A new book published in Germany is highly critical of that country's social market economic model, arguing that the generous social welfare system has become unaffordable and hampers both job creation and economic growth.
Journalist Olaf Gersemann argues that the German economy needs to be more flexible and entrepreneurial. In his book, Germany's Misguided Fear of Cowboy Capitalism, Mr. Gersemann identifies high taxes, generous unemployment benefits, and the difficulty of hiring and firing workers as principal factors inhibiting economic growth. He says Germany's generous social security system can't be sustained because there aren't enough people paying into the system.
"We have to tell the people now that you can't expect really to get 80 percent of your old age income from the government or the social security system and that you have to start saving right now on your own," he said. "Otherwise, this will be a big time bomb for [Germany] and most European countries."
In the United States, private pensions - usually from an employer and also individual savings - comprise a bigger percentage of old-age income than social security payments from the government.
Mr. Gersemann has for five years been the Washington correspondent of the German magazine Economic Weekly. He says labor force rigidities are the main reason that while the United States created 20 million jobs in the 1990s there was virtually no job growth in the 15 European Union countries.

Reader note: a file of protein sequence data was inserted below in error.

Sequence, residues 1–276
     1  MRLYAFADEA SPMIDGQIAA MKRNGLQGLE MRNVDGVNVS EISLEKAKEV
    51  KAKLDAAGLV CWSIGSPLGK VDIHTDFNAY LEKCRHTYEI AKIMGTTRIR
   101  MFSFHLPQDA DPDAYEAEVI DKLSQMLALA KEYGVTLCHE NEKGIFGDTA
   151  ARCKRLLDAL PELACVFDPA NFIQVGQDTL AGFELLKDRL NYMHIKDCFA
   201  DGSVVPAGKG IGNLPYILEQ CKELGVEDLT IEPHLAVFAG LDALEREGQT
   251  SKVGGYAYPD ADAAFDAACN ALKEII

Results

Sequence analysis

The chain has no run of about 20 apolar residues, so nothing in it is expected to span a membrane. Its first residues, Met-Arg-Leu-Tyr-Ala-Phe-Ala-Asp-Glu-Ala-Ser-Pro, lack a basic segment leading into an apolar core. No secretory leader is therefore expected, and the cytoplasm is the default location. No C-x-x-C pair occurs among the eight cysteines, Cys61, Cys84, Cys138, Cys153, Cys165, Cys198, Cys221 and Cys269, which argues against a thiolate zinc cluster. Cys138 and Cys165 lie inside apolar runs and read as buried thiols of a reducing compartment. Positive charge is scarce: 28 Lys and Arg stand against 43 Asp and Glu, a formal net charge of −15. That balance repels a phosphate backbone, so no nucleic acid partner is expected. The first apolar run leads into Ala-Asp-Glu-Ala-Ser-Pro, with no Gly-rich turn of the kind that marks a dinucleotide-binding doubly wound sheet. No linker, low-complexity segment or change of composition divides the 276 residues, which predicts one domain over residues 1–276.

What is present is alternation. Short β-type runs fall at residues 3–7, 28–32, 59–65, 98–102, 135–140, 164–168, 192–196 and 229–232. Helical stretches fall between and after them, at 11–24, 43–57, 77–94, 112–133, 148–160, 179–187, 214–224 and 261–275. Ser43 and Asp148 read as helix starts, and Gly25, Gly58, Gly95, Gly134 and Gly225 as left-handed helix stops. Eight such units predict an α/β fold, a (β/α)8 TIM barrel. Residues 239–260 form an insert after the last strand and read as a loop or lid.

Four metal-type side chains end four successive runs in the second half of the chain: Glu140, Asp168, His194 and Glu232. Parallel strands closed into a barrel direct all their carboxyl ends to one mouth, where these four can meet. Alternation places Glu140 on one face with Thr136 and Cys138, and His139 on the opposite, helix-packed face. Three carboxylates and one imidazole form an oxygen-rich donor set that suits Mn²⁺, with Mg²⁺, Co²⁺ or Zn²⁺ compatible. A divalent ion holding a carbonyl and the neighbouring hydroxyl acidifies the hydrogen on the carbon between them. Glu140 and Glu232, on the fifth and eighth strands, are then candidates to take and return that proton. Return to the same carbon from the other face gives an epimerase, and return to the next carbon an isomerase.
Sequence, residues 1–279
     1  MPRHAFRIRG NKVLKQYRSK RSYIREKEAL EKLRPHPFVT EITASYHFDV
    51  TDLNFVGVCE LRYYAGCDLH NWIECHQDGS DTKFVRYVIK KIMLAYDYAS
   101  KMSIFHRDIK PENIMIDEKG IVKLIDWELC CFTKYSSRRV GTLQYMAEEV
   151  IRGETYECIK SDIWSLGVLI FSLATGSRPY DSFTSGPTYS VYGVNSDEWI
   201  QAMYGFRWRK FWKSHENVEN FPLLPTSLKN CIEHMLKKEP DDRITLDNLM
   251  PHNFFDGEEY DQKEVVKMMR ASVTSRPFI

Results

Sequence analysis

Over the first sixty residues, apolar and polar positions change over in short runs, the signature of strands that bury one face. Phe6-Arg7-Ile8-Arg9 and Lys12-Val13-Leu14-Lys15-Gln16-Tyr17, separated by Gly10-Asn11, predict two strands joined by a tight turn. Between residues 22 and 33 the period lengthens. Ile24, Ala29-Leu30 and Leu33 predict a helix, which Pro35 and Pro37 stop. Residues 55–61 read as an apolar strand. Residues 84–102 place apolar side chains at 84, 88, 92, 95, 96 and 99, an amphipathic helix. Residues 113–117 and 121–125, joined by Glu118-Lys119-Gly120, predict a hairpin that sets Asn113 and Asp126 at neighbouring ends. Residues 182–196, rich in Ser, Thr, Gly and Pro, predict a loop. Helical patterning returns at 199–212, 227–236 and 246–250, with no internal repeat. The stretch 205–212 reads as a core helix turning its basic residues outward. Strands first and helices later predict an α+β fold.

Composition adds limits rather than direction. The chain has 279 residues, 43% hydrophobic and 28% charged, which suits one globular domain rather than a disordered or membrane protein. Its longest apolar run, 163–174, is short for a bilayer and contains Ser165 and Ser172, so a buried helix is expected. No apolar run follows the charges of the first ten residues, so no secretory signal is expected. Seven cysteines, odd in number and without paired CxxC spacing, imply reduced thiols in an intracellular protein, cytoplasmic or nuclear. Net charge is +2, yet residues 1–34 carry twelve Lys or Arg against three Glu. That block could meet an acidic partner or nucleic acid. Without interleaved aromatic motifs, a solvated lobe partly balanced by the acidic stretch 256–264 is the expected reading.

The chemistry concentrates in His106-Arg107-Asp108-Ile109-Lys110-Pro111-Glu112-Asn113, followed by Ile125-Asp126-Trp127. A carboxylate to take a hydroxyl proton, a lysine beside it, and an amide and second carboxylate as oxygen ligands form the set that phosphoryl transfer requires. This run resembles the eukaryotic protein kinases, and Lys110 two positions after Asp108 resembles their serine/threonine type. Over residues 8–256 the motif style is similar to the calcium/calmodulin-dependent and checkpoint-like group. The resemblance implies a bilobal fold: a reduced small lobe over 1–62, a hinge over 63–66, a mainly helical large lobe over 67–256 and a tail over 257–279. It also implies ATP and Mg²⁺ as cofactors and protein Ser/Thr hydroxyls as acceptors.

"Take eastern Germany and western Germany, which were reunified in 1990," he said. "In the combined country there was actually a net job loss in the 1990s. So we now have fewer jobs than we had back when the country was unified, plus [further constraining growth] there is a much shorter work week than there was ten or 12 years ago.
Mr. Gersemann says Europe must reform its labor market if it is to effectively compete in a globalized economy. He says Germany should also adopt other reforms, including abolishing free university education, mainly, because it is unfair. In the current system, he says, lower income people - through their taxes - subsidize the higher education of middle and upper income people.